and then he added, why did he choose kavanaugh since all of these 25 would have met those two criteria, which are so offensive to so many americans? he chose the candidate who he thought would best protect him from the mueller investigation. mr. kavanaugh was probably the most extreme on that issue of the 25. >> could we -- >> thank you. um, he chose the nominee who he thought was the most extreme of the 25 on that issue. not only did mr. kavanaugh say to the president should not be subpoenaed. he said a president shouldn't be investigated. mr. kavanaugh. is the president above the law? and he went even further, and made the incredulous statement that if the president deemed a
law to be unconstitutional he shouldn't follow it. that would be bad if anyone were president. but with donald trump who has shown so the respect for rule of law, for balance of power, for dispersion of power, this is extremely dangerous. we democrats believe the number one issue in america is healthcare and the ability for people to get good healthcare at price these can afford. the nomination of mr. kavanaugh would put a dagger through the heart of that cherished belief that most americans have. and that's a belief that democrats, republicans, and independents have. so there are many issues out there. there's the rights of labor unions. there's the rights of people who want to protect the environment.
there's the right to the lbgq community. at the top of the list is healthcare. healthcare. this nominee will make the ability of americans to afford decent healthcare so much the worse. senator? >> thank you. >> dana: senator schumer talking about the supreme court nomination of brett kavanaugh. i want to go to chad pergram. you were listening to the senator. now we have heard from mcconnell and schumer coming out of the policy lunches. what do you think is happening on the hill, as this nomination gets under way? >> well, democrats are concerned about this, because you're looking at going from a 5-4 court to maybe 6-3 court. you look at some of the things that chuck schumer was referring to there, concerned about gay rights, concerned about healthcare issues, labor issues. that's a big worry for democrats. so far most republicans are onboard.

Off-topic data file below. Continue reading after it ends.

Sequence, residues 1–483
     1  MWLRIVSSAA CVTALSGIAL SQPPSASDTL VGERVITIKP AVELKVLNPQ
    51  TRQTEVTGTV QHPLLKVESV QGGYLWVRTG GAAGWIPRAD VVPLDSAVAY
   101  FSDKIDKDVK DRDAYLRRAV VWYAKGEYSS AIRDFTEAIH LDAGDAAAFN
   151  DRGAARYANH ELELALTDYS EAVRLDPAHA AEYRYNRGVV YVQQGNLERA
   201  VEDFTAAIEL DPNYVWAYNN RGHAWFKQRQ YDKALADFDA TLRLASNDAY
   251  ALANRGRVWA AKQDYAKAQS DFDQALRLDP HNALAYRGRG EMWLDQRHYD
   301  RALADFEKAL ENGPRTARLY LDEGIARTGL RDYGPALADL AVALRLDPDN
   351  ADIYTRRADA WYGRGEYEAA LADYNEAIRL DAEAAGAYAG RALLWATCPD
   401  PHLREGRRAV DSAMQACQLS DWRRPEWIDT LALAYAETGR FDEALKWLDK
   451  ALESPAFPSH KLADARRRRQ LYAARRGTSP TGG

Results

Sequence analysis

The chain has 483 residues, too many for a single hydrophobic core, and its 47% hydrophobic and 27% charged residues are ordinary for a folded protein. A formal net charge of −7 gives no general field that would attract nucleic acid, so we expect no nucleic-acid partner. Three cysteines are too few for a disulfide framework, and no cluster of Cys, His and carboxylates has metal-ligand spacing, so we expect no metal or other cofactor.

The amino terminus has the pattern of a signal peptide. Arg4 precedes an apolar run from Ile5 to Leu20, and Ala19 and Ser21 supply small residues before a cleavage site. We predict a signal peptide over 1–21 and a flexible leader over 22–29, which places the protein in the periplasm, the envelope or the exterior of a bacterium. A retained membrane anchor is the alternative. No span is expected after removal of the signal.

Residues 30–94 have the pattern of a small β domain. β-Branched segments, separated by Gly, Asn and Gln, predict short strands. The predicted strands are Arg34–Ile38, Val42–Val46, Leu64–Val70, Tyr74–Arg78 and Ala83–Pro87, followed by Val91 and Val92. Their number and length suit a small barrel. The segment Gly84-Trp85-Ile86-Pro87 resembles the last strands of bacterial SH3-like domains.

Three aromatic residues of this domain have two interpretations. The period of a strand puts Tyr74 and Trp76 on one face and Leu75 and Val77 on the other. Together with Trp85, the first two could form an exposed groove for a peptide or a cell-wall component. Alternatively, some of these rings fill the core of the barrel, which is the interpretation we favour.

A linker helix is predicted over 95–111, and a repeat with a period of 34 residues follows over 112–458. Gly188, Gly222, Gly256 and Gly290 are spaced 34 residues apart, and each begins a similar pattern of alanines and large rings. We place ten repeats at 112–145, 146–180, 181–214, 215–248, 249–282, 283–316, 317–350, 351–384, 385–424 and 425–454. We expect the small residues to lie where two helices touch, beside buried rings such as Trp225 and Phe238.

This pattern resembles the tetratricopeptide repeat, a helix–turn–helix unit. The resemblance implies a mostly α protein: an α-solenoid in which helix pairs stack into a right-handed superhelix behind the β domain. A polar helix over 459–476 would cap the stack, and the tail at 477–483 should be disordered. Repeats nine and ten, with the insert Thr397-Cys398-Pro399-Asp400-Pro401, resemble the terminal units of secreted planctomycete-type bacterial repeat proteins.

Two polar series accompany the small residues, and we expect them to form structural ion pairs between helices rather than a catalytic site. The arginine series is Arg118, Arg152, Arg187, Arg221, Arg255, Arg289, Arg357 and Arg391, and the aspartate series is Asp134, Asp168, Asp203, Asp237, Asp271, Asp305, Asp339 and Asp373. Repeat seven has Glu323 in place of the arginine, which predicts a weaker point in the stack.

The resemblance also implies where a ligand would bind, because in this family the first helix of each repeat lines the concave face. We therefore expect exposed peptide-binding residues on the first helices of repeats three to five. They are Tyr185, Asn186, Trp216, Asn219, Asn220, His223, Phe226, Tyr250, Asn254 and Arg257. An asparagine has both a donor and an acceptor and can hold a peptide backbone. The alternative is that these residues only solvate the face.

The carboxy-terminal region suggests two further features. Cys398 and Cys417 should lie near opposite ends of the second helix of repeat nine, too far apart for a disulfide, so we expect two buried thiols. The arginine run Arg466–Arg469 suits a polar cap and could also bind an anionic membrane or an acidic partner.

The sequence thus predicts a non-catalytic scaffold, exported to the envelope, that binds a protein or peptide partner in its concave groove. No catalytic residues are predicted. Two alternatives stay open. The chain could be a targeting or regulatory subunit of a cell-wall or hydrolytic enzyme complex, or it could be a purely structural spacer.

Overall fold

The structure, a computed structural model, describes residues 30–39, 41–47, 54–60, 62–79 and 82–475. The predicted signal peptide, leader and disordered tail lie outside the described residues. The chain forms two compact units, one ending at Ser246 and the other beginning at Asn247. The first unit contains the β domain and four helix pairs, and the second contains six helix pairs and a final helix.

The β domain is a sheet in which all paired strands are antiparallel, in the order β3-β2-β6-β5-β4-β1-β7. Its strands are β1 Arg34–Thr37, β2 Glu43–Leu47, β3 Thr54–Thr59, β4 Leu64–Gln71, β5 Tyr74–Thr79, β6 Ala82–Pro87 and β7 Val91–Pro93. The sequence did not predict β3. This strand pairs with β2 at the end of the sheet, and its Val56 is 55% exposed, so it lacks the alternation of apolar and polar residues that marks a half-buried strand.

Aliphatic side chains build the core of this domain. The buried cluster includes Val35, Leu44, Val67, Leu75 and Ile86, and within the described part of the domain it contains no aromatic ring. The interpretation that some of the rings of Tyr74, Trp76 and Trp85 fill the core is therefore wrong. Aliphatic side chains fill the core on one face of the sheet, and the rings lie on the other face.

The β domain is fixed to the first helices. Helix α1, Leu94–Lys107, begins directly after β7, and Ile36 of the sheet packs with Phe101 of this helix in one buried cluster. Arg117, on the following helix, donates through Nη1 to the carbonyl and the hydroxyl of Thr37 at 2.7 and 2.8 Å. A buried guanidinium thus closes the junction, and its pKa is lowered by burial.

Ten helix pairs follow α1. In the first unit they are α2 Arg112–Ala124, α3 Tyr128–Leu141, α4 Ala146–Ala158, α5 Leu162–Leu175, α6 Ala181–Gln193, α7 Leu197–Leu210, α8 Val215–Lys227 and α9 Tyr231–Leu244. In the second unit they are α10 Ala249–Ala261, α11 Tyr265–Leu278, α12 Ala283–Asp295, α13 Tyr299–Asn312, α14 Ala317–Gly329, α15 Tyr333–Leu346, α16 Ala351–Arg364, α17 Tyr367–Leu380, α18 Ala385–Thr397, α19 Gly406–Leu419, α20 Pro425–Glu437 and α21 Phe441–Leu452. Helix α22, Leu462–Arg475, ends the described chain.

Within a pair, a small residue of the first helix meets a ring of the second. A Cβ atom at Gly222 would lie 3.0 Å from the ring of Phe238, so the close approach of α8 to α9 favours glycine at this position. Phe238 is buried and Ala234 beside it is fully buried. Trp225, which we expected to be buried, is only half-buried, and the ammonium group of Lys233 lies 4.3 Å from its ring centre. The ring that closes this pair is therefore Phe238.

listen to republican senator jeff flake. >> district court judge for 12 years, you have a long paper trail. it's taking a while to get the papers together. nothing stands out. as an obstacle. he's a solid pick. >> any comment on the democrat u.k. attack of him thus far? >> well, a lot of those were made before the selection was made there. >> that's the concern from many senators, especially on the democratic side of the aisle, they want to slow it up, they have a lot of paperwork to go through. i spoke evenings tensively with lisa murkowski a potential swing vote, republican senator from alaska, one of two republicans who could be on the fence on this nomination. she urges folks to take it slow, there is so much paperwork to go through. she notes she voted for brett kavanaugh for a lower court position in 2006 because the magnitude of this is much more significant. talking to chuck grassley earlier when he met with